Research by the Royal Horticultural Society has suggested that over the last ten years our modern day parking needs and wheelie bin requirements have slowly turned our gardens into grey spaces. How can we reverse the paved garden trend?

The grey yard: a very modern problem

This trend has been brought about by modern day needs. Us Brits need more space in the front yard for cars and all those extra wheelie bins. If the trend continues we may be contributing to the warming of our cities, increasing pollution, heightening the risk of flooding, and threatening wildlife. 

How can we bring a bit of green back to our front gardens?

 

Greening the grey

Hampton’s Community Street designed by Nigel Dunnett is the Grey to Green equivalent of having your cake and eating it, transforming a typical paved community into a rainbow of colour.

Dunnett’s design is packed with clever ideas anyone can use to improve a front garden or communal area, including the introduction of a green roof over the bin store and various bug hotels in quiet corners and above a bicycle rack. If there isn’t much space you can always plant upward!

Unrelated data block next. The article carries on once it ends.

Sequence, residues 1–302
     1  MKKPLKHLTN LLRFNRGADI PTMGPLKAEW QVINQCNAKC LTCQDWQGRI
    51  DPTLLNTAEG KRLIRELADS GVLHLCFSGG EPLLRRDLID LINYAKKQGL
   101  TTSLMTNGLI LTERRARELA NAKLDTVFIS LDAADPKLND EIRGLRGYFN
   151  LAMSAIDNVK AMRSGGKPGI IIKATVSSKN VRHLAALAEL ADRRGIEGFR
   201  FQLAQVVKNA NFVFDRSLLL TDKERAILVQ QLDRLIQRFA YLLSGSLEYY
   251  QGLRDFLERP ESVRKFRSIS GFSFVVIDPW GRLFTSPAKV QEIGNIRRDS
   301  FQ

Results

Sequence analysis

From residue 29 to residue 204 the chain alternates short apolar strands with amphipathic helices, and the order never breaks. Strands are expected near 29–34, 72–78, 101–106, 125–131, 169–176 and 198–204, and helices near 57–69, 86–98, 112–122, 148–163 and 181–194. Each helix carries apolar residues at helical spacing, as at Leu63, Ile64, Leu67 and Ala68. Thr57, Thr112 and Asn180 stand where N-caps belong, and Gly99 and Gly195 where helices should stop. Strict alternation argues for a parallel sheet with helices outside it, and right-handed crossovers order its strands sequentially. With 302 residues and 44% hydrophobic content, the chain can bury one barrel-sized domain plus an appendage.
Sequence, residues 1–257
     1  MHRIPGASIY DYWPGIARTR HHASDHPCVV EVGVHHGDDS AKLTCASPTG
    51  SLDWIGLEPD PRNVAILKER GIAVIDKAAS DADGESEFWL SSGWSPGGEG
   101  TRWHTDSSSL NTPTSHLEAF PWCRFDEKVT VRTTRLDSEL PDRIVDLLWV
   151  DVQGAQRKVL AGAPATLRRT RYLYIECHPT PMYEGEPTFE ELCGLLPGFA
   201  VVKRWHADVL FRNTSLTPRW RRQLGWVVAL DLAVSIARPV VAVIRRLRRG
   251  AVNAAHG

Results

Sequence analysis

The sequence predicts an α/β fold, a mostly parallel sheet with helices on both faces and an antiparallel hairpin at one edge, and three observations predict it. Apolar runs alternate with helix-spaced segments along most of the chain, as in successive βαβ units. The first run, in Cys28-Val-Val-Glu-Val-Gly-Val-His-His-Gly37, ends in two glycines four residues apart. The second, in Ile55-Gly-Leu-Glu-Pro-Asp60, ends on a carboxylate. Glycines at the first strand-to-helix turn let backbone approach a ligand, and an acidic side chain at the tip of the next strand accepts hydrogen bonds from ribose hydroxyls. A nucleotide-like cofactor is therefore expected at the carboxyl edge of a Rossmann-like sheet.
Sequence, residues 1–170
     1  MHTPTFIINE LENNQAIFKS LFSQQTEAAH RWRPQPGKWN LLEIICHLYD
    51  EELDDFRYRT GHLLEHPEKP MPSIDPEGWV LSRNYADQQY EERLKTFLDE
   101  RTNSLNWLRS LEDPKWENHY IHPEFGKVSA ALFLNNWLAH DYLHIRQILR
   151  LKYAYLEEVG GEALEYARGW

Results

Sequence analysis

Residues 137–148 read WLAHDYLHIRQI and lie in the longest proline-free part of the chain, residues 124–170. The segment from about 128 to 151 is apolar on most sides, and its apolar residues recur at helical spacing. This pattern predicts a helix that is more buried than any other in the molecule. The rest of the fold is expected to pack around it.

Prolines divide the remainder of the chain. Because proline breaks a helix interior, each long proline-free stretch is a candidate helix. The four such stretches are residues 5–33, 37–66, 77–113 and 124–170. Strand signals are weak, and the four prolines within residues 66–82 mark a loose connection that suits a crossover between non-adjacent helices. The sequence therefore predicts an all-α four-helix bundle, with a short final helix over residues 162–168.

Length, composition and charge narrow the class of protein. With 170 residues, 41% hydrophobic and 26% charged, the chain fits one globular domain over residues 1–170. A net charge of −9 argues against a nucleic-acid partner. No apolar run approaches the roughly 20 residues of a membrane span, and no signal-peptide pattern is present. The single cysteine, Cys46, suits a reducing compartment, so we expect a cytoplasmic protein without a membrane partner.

Greener ideas

Replacing part of your drive’s tarmac with a gravelled area allows rainwater to drain away more readily and also gives the scope to add some planting.

Consider adding scent and colour with robust thymes, or some low growing grasses such as Hakonechloa for some eye-catching movement. 

Adding a climber to a wall of your house will not only make your home look greener, but will also keep your energy usage green. Climbers will help to insulate your house in winter and keep it cooler in summer.

Take a look at The Royal Horticultural Society’s Greening Grey Britain campaign for more ideas on how to contribute more green to our greying landscape. 

 

About the author

Michelle Chapman is a gardener, freelance writer and garden blogger from Wiltshire. She writes the award winning blog, Veg Plotting, where her small town garden is a regular feature alongside any topic which springs to mind whilst at her allotment. 

Read more from Michelle Chapman here  

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